Russian Doll and the Rise of Introspective Comedy
I’ve recently finished watching Russian Doll and it was a brilliantly executed romp that showed both the perfect format for modern Netflix comedies (4 hours split into eight 25 minute episodes really flows well) but also did what a lot of modern comedies do — it hit you right in the feels with the power of an emotional Tsar bomb dropped straight on the emotional center of your brain.
Russian Doll is also a perfect example of what modern comedy does so well, combining the absurdity of a lot of great comedies past, a very successful concept of a time loop first made famous in Groundhog’s Day and some great performances from Natasha Lyonne and co. It is also a comedy that seems to be tailor-made for the snarky millennials of today, with dialogue and characters that are extremely easy to identify with.
Of course, this isn’t a new trick in comedy. Do you identify with Chandler from Friends? Congratulations, you’re a snarky millennial too! However, Russian Doll much like The Good Place and BoJack Horseman doesn’t rest on its laurels by giving us characters we can identify with but instead makes sure that the characters are designed in a way that will force us (willingly or not) into an introspection.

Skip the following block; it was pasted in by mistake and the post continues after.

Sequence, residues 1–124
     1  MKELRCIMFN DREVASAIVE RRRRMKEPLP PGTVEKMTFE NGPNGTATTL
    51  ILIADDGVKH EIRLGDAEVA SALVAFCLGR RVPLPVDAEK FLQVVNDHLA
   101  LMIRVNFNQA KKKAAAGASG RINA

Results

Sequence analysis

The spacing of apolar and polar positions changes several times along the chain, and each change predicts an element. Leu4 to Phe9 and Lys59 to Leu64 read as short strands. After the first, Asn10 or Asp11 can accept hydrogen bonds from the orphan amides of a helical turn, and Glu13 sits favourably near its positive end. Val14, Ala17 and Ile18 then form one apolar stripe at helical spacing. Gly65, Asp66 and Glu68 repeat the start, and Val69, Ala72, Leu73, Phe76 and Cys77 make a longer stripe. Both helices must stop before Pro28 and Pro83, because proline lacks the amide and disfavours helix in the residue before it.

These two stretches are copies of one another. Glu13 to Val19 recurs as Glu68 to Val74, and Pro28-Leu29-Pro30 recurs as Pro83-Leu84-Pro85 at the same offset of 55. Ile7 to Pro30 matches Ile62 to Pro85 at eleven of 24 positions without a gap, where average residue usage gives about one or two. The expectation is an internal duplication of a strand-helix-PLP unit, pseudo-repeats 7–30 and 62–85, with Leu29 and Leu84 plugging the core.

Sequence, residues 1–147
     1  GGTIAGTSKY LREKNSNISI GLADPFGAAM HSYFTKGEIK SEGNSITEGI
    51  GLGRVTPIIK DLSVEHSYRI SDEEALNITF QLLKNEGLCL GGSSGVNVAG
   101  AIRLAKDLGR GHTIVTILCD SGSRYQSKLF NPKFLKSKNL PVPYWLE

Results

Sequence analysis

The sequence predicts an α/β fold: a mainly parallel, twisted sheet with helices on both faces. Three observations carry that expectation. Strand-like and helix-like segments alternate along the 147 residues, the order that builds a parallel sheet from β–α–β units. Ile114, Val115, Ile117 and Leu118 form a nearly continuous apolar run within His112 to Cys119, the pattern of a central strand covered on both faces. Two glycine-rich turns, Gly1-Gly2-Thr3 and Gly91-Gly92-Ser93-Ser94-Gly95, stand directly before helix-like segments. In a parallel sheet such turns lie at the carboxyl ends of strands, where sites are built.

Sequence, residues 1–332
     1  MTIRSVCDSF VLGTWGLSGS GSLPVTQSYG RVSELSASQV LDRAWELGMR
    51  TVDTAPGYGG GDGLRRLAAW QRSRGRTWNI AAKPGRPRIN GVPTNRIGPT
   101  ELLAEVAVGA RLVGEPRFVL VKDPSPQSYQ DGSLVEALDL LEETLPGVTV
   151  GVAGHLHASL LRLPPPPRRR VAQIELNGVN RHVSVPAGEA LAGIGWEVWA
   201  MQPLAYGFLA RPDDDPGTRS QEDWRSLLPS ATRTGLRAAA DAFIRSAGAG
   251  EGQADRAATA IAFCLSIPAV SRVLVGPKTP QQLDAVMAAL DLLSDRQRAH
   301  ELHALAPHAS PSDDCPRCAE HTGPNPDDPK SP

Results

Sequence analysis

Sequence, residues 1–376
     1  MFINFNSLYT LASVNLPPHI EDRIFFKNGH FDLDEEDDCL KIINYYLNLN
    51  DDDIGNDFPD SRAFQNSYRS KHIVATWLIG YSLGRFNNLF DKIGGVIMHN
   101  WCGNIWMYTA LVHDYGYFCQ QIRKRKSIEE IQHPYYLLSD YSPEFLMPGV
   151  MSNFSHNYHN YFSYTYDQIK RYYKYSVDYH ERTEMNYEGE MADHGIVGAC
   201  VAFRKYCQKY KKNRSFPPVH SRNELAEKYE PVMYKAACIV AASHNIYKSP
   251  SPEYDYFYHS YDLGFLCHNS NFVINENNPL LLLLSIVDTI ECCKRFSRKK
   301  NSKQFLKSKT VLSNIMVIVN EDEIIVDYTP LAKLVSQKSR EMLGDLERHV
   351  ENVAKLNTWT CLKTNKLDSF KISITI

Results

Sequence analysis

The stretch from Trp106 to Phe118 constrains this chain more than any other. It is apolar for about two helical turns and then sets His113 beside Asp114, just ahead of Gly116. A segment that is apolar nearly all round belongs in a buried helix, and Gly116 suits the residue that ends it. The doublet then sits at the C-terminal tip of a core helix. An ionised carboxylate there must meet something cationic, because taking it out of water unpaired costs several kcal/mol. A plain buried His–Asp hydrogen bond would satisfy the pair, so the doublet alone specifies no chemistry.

Mild (like jalapeno-on-a-pizza level) spoilers for Russian Doll, the Good Place and BoJack Horseman ahead.
After all, the characters in Russian Doll are very trope-y and stereotypical. We’ve seen Nadia and Alan a thousand times in movies and series. Their basic setup is nothing new. What’s new is the way their personalities are never quite played for laughs (like say, Monica’s OCD is in Friends), but instead are quickly shown to be their ways of coping with a world they can’t seem to grasp. Nadia is self-destructive and snarky since that’s her only way of hiding her fears. Alan’s own fears rest hidden behind an unbreakable routine. If Sigmund Freud watched the series, he’d surely conclude that Nadia represents the id, while Alan represents the super-ego. Where would be the ego?